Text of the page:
Retrieved from: :, Stocks and QE: All Things Must Pass While it can be argued that the stock market leading the economy is the normal state of affairs, the degree to which this is the case is unusually large at the present time.  Market “corrections” happen when investors begin to fear that earnings won’t live up to projections.  Stocks certainly have a head of steam right now, but my concern is that gains from here will only make the eventual correction more painful. Bond yields have stabilized at higher levels.  A new Fed Chairman (Janet Yellen) has been named.  It is unlikely any policy change will take place at least until she officially takes over for Bernanke in January. Commentary – Life on the Savannah (The Wise Zebra) I sometimes think investing is like being in a herd of zebras.  In the middle of the herd there isn’t much grass, it having either been eaten or trampled.  Around the outside of the herd, where only the bravest zebras venture, the grass is thick and plentiful.  Unfortunately, there are also lions.  Lions are stealthy; you know they are out there, but you usually don’t actually see them until it is too late.  If you stay in the middle of the herd you are safe from lions, but you will eventually become lean and sickly from lack of nourishment.  In this case you have to worry about cheetahs (smaller predators that can only take down weaker zebras) or, at some point, starvation.  So as a zebra, there is always risk of one kind or another.  To thrive, you must develop a sense of when to venture into the thicker grass and when not to.  Investors are similar to zebras in that they also have to take some risk if they want to prosper, but too much risk or ill-timed risk can be dangerous. Every savannah is different.  In 2009 we encountered a situation where surviving zebras found grass everywhere.  The lions were exceedingly well-fed and were therefore nowhere to be found.  Even in the middle of the herd there was some grass, so being cautious didn’t hurt.  As time wore on, however, there was less and less grass for those who wanted to play it safe.  By 2013, the savannah we call the capital market was well trampled.  Those who stayed in the center (money markets) starved.  In May cheetahs came in the form of rising interest rates.  Healthy zebras (those investors that had stocks in their portfolios) had little to fear.   Under-nourished zebras (those that only owned bonds) ultimately became cheetah food. Behavioral science has shown that humans tend to fear things that best approximate our most recent source of trauma more than things that present a higher probability of future danger.  This phenomenon has a name: recency bias.  Because portfolios were cut down by economic risk in 2008, many investors sought to minimize economic risk exposure.  Thus, they sold stocks and bought bonds in record numbers between late 2008 and early 2013 (See Figure 3).  However, this is not the risk that presented itself in 2013.  Investor intuition regarding their biggest source of risk turned out to be completely wrong! Figure 3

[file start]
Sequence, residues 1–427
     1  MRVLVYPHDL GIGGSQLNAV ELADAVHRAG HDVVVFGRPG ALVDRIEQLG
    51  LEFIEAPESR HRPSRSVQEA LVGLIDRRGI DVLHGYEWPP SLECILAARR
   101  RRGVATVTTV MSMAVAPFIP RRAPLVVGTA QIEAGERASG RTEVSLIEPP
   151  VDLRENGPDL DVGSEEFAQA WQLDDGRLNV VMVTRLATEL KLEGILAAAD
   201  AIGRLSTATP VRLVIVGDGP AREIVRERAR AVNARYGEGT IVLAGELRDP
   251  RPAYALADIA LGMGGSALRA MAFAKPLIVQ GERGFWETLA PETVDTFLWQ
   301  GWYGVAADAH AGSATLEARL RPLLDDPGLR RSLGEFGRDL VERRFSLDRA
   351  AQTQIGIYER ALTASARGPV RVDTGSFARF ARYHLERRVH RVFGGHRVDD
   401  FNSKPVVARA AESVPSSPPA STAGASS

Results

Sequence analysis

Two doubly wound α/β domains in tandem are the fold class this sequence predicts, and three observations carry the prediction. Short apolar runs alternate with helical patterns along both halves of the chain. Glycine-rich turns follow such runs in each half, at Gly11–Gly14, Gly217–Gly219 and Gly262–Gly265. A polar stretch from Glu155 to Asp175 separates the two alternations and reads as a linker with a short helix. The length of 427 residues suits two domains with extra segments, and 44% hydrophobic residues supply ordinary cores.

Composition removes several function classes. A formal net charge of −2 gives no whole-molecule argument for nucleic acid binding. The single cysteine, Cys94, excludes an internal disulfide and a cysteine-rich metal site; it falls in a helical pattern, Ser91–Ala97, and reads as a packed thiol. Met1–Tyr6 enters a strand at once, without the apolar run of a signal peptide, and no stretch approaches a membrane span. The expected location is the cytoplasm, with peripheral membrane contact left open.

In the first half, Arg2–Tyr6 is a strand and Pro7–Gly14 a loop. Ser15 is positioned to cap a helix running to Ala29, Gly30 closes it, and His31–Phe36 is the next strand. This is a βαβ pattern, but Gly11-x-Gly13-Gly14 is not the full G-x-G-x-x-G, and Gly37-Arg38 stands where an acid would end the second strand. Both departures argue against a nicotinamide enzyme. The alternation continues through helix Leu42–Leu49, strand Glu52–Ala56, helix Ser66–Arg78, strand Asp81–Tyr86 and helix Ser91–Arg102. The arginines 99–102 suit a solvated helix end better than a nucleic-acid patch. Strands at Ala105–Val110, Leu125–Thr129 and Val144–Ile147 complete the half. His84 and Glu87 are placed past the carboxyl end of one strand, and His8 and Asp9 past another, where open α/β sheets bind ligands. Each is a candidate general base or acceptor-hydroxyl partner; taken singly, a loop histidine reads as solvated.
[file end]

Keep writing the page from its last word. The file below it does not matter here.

Source: JP Morgan 4Q2013 Guide to the Markets This is not to argue that one shouldn’t worry about the economy or that stocks are less risky than bonds going forward.  I’m arguing that following the herd does not necessarily keep you safe.  The investing herd often reacts in a panicky fashion to current trends, while having poor foresight with regard to future risks.  The wise zebra, on the other hand, understands the nature of life on the savannah.  He knows that from time to time predators attack.  He knows he has to be healthy to survive the cheetahs, but if he is reckless he will fall prey to lions.  A handful of zebras venturing into the tall grass might not attract lions, but a whole herd of risk taking zebras almost certainly will.  The year-to-date return on stocks is 20.4% as I write this, while the year-to-date return on bonds is -2.1%<8>.  It isn’t hard to imagine what the herd has been doing lately.    Money is now pouring out of bonds and into stocks. The wise zebra was in the tall grass months if not years ago.  Today he is starting to look out for lions. Remember, we update our blog periodically with my latest thoughts on the market.  (  If you’d like to be added to the blog update distribution email list or to begin receiving your statement electronically please contact Cynthia Gates at or 952-358-3395. We appreciate your continued trust in our management program, Mark A. Carlton, CFA Past performance is no assurance of future results.  Trademark Financial Management, LLC (“Trademark”) is a registered investment adviser with its principal place of business in the State of Minnesota.  Trademark and its representatives are in compliance with registration requirements imposed upon investment advisers by those states in which Trademark operates. Trademark may only transact business in those states in which it is registered or qualifies for an exemption or exclusion from registration.  This newsletter is limited to the dissemination of general information pertaining to its investment advisory/management services. Any subsequent, direct communication by Trademark with a prospective client shall be conducted by a representative that is either registered or qualifies for an exemption or exclusion from registration in the state where the prospective client resides. For information pertaining to the registration status of Trademark please contact Trademark at (952) 358-3395 or refer to the Investment Adviser Public Disclosure web site ( For additional information about Trademark, including fees and services, send for our disclosure statement as set forth on Form ADV from us using the contact information herein or by calling 952-358-3395.  Please read the disclosure statement carefully before you invest or send money.

<1> 2012 through April of this year

<2> S&P 500 Index

<3> MSCI EAFE, per Morningstar

<4> Russell 2000 (small caps), S&P 500 (large caps), per Morningstar

<5> MSCI REIT Index

<6> Morningstar

<7> Think of quantitative easing as 5 Hour Energy or Red Bull for the stock market.  After a several shots it begins to lose its effectiveness, and the resulting “hangover” is that much worse.

<8> S&P 500 and Barclay’s Aggregate bond, midday October 14th, via Morningstar